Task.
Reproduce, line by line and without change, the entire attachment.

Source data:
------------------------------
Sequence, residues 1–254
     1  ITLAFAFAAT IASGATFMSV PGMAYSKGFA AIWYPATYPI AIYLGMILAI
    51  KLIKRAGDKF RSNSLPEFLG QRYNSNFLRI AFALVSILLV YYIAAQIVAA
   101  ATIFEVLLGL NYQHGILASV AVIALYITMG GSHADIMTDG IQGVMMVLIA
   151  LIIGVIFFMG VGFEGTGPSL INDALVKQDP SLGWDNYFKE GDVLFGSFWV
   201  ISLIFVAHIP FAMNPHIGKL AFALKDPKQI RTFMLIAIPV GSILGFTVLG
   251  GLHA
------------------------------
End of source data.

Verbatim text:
Sequence, residues 1–254
     1  ITLAFAFAAT IASGATFMSV PGMAYSKGFA AIWYPATYPI AIYLGMILAI
    51  KLIKRAGDKF RSNSLPEFLG QRYNSNFLRI AFALVSILLV YYIAAQIVAA
   101  ATIFEVLLGL NYQHGILASV AVIALYITMG GSHADIMTDG IQGVMMVLIA
   151  LIIGVIFFMG VGFEGTGPSL INDALVKQDP SLGWDNYFKE GDVLFGSFWV
   201  ISLIFVAHIP FAMNPHIGKL AFALKDPKQI RTFMLIAIPV GSILGFTVLG
   251  GLHA